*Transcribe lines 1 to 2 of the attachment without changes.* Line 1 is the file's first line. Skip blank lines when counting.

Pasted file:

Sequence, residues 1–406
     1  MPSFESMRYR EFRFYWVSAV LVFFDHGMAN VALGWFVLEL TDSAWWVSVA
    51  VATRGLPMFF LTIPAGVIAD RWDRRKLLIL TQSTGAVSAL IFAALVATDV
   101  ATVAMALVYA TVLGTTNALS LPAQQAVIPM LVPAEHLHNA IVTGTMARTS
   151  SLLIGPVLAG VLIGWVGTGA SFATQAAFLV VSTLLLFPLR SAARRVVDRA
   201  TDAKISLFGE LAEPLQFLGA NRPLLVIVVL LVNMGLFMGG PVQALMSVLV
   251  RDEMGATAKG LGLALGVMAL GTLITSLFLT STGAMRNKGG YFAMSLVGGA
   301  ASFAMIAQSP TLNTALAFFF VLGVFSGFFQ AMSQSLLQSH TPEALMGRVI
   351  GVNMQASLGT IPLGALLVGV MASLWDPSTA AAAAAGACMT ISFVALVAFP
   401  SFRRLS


Sequence, residues 1–406
     1  MPSFESMRYR EFRFYWVSAV LVFFDHGMAN VALGWFVLEL TDSAWWVSVA